How to create mobile-friendly documentation

Help users find the information they need quickly and easily on a smartphone or tablet.
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I'm not sold on the whole idea of mobile first, but I do know that more people than ever are using mobile devices like smartphones and tablets to get information on the go. That includes online software and hardware documentation, much of which is lengthy and poorly suited for small screens. Often, it doesn't scale properly, and it can be difficult to navigate.

When people access documentation using a mobile device, they usually want a quick hit of information to learn how to perform a task or solve a problem. They don't want to wade through seemingly endless pages to find the specific piece of information they need. Fortunately, it's not hard to address this problem. Here are a few tips to help you structure your documentation to meet the needs of mobile readers.

Think short

That means short sentences, short paragraphs, and short procedures. You're not writing a novel or a piece of long-form journalism. Make your documentation concise. Use as few words as possible to get ideas and information across.

Use a radio news report as a guide: Focus on the key elements and explain them in simple, direct language. Don't make your reader wade through screen after screen of turgid text.

Focus on the key elements and explain them in simple, direct language.
Also, get straight to the point. Focus on the information readers need when they need it. Documentation published online shouldn't resemble the thick manuals of yore. Don't lump everything together on a single page. Break your information into smaller chunks. Here's how to do that:

Think topics

In the technical writing world, topics are individual, stand-alone chunks of information. Each topic comprises a single page on your site. Readers should be able to get the information they need—and only that information—from a specific topic. To make that happen, choose which topics to include in your documentation and decide how to organize them:

Think DITA

Darwin Information Typing Architecture, or DITA, is an XML model for writing and publishing. It's been widely adopted in the technical writing world, especially for longer documentation sets.

I'm not suggesting that you convert your documentation to XML (unless you really want to). Instead, consider applying DITA's concept of separate types of topics to your documentation:

  • General: overview information
  • Task: step-by-step procedures
  • Concept: background or conceptual information
  • Reference: specialized information like API references or data dictionaries
  • Glossary: to define terms
  • Troubleshooting: information on problems users may encounter and how to fix them

You'll wind up with a lot of individual pages. To connect those pages:

Think linking

Many content management systems, wikis, and publishing frameworks include some form of navigation—usually a table of contents or breadcrumbs. It's the kind of navigation that fades into the background on a mobile device.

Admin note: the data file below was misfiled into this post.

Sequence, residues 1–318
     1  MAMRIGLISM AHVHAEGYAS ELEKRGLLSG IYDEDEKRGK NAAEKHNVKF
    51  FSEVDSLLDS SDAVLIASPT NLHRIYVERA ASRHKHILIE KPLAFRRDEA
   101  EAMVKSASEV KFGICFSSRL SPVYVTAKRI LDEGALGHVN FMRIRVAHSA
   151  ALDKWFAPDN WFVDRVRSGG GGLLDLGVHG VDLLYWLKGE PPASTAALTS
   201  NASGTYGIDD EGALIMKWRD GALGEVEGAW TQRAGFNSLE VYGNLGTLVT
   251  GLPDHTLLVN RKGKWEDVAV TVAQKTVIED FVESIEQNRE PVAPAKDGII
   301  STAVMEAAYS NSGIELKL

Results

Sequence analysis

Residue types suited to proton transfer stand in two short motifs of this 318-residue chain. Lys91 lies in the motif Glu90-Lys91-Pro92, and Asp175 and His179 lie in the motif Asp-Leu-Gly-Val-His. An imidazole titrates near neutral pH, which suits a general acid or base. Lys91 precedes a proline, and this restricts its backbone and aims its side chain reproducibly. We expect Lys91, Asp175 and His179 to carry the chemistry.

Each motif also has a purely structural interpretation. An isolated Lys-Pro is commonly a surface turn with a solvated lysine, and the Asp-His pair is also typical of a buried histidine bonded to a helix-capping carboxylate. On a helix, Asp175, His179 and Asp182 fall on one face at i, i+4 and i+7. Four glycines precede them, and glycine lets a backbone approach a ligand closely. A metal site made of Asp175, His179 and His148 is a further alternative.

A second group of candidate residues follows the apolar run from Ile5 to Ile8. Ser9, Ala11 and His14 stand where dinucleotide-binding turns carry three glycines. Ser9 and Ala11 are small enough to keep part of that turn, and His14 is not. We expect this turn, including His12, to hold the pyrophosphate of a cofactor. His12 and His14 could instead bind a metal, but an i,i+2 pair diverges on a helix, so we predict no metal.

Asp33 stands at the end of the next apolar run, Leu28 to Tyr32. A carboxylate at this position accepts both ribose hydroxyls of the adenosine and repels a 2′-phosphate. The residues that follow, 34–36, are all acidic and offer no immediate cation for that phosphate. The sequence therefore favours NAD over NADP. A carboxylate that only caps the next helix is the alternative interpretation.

For stronger navigation, add explicit links between topics. Place those links at the end of each topic with the heading See Also or Related Topics. Each section should contain two to five links that point to overview, concept, and reference topics related to the current topic.

If you need to point to information outside of your documentation set, make sure the link opens in a new browser tab. That sends the reader to another site while also keeping them on your site.

If you need to point to information outside of your documentation set, make sure the link opens in a new browser tab.
That takes care of the text. What about graphics?

Think unadorned

With a few exceptions, images don't add much to documentation. Take a critical look at each image in your documentation. Then ask:

  • Does it serve a purpose?
  • Does it enhance the documentation?
  • Will readers miss this image if I remove it?

With a few exceptions, images don't add much to documentation.
If the answer to those questions is no, remove the image.

On the other hand, if you absolutely can't do without an image, make it responsive. That way, the image will automatically resize to fit in a smaller screen.

If you're still not sure about an image, community moderator Ben Cotton offers an excellent explanation of when to use screen captures in documentation.

A final thought

With a little effort, you can structure your documentation to work well for mobile device users. Another plus: These changes improve documentation for desktop computer and laptop users, too.

That idiot Scott Nesbitt ...
I'm a long-time user of free/open source software, and write various things for both fun and profit. I don't take myself all that seriously and I do all of my own stunts.


Well-written, Scott. I find myself agreeing with many of your points already, and learning a few things as well. One assertion I would add that I did not see was that PDFs are rarely a good choice for e-documentation. I cringe when I download documentation to my phone saved as PDF instead of epub or HTML, since the document's static text-to-page ration is going to require my zooming and scrolling constantly. So much easier to read a document formatted to be viewed on a variety of screen sizes!

I'm in complete agreement with you on that. In fact, the first couple of drafts of this article included a section explaining why you should offer an EPUB version of the instead of/in addition to a PDF. Sadly, I was running over my word count so I had to cut that.

PDFs definitely aren't a very mobile-friendly format. That's especially true for layout-intensive PDFs which, as you mentioned, require a lot of scrolling and zooming on smaller screens.

In reply to by LipstickLiberty

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